The Executive Director, Market Operation and Technology of the Nigerian Stock Exchange (NSE), Mr. Adeolu Bajomo, has said the exchange is working on a strategy that would help to address the issue of unclaimed dividends in the Nigerian capital market.
Unclaimed dividends in the market are said to be over N52 billion and rising by the day. However, Bajomo disclosed in Abuja last Friday that NSE is working with the Central Securities Clearing System Plc (CSCS) tackle the challenge.
Bajomo, who spoke at the 2012 Securities and Exchange Commission (SEC) Journalists' Academy, said the exchange would soon roll out a minimum registration requirement that will make electronic (e)-dividend payment mandatory for all participants in the market.
Although he did not give details of the strategy, he explained that anybody entering the market would be made to fill a form that would include bank account details to facilitate e-dividend payment going forward.
According to him, "the exchange wants to move away from paper dividend. Under the minimum requirement investors must submit their account numbers for onward payment of dividends."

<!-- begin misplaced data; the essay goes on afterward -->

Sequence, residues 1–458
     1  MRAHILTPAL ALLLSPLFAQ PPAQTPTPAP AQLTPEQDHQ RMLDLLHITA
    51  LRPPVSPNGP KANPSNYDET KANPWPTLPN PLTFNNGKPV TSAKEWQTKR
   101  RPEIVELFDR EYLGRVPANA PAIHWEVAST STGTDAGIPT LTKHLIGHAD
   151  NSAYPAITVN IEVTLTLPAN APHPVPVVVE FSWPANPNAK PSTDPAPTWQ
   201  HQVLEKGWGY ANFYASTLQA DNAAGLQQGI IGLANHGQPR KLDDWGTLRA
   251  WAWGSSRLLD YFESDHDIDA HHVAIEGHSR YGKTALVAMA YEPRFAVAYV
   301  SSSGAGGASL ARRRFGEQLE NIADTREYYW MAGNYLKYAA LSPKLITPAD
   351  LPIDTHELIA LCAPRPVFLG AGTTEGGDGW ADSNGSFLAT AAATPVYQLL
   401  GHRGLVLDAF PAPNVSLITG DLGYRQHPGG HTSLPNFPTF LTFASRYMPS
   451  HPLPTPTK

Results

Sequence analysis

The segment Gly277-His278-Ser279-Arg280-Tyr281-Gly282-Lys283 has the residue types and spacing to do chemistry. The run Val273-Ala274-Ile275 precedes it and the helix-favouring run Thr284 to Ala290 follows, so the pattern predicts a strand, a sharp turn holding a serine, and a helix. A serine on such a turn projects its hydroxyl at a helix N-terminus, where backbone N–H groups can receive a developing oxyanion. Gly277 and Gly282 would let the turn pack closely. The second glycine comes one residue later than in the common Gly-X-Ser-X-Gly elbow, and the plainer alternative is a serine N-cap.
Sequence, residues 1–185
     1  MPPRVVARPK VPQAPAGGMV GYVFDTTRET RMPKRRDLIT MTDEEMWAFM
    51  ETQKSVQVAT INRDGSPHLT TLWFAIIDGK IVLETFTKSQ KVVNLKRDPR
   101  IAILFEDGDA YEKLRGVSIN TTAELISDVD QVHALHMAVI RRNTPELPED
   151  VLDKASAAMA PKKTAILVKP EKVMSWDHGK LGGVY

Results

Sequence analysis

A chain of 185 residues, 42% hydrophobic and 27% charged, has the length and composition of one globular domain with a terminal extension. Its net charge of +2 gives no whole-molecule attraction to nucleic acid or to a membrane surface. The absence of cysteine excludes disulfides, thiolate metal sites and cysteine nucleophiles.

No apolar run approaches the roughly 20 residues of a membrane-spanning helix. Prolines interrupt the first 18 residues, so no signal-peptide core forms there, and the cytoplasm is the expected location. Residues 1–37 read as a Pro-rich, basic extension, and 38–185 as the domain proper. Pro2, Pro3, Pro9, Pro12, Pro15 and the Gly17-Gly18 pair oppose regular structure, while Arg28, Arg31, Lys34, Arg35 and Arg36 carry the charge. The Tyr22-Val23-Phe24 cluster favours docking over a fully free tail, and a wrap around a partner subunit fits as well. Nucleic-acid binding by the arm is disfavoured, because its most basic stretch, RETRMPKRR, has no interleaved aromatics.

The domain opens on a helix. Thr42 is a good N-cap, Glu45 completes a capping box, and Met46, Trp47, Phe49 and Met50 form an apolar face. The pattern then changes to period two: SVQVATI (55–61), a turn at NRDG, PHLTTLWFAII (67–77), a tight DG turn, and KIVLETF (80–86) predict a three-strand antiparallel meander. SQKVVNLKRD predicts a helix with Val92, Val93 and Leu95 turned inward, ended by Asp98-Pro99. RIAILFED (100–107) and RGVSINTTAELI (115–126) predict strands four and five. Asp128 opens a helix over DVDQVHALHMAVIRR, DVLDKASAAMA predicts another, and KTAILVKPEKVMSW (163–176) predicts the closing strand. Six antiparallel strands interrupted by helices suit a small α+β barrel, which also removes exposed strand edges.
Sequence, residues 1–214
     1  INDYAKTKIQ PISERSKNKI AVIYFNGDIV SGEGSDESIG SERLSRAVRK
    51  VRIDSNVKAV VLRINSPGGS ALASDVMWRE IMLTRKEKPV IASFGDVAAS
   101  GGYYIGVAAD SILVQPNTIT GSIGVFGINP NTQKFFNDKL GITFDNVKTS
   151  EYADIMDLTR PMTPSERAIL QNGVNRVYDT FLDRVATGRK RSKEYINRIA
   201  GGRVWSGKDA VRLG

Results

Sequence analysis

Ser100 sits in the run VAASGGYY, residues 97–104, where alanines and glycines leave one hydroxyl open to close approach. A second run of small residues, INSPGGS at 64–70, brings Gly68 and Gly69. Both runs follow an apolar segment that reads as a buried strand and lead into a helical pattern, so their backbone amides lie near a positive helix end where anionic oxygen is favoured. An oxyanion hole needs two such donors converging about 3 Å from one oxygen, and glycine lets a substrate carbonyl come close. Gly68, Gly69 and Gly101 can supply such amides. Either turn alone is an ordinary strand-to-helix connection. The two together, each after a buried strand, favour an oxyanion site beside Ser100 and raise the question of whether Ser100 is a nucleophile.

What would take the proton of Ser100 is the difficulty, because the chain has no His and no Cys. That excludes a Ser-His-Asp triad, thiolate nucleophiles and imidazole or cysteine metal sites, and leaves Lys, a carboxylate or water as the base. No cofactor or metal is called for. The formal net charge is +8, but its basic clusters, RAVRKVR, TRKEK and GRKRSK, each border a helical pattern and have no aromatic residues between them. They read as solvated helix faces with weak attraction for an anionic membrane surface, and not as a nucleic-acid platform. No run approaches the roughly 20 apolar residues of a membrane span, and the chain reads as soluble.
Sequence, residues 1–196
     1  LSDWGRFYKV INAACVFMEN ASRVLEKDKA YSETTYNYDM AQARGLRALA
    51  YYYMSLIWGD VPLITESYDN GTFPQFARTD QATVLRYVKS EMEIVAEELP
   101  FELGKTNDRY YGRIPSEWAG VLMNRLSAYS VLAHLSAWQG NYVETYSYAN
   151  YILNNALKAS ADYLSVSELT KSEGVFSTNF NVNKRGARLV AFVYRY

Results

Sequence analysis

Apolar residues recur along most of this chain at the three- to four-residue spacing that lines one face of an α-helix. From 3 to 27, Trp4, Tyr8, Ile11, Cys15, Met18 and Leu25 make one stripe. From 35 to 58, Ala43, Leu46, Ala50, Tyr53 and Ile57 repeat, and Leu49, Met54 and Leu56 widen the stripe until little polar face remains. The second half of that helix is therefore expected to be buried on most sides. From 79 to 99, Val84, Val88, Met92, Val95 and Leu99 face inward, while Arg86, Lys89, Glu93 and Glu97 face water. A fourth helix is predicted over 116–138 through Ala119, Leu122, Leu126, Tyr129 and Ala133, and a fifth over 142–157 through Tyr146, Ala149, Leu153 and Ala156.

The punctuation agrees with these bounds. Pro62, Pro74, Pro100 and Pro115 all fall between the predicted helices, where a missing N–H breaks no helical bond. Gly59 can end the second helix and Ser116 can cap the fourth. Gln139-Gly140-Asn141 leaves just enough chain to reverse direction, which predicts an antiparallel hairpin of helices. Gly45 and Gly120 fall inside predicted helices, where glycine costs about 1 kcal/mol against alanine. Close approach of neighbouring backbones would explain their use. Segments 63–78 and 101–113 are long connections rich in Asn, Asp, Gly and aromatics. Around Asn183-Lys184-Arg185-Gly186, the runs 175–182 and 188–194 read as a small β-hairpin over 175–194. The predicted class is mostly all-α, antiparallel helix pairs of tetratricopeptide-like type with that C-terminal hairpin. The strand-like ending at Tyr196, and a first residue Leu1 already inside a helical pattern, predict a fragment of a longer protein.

Speaking on the rising level of unclaimed dividends, Director, Legal Services and Secretary to the SEC, Mr. Edosa Aigbekaen, attributed to multiple applications for shares by investors in the past, change in addresses without notifying registrars and inefficient postal system among others.
He, however, advised shareholders to embrace e-dividends as one of the ways out. He also called for the revisiting of the proposed Unclaimed Dividend Trust Fund (UDTF).
Aigbekaen said that the UDTF Bill that was thrown out by the National Assembly, should be revisited, noting that once it is into law, investors could get their dividends at any given time.
He explained that currently, investors could not have access to the dividends after 12 years, stressing that once declared, the dividends were debt owed investors.
Aigbekaen therefore, called for the amendment of the Companies and Allied Matters Act (CAMA) which says that unclaimed dividends would be reverted to companies after 12 years.
A legal practitioner and former member of the Investments and Securities Tribunal (IST), Mr. Sola Ephraim-Oluwanuga, also supported the establishment of UDTF.
He noted that the proceeds from the fund could be invested in the critical areas of the economy, declaring that "the money does not belong to the companies and not meant to go to the treasury but intended to be distinct and away from government coffers," he said.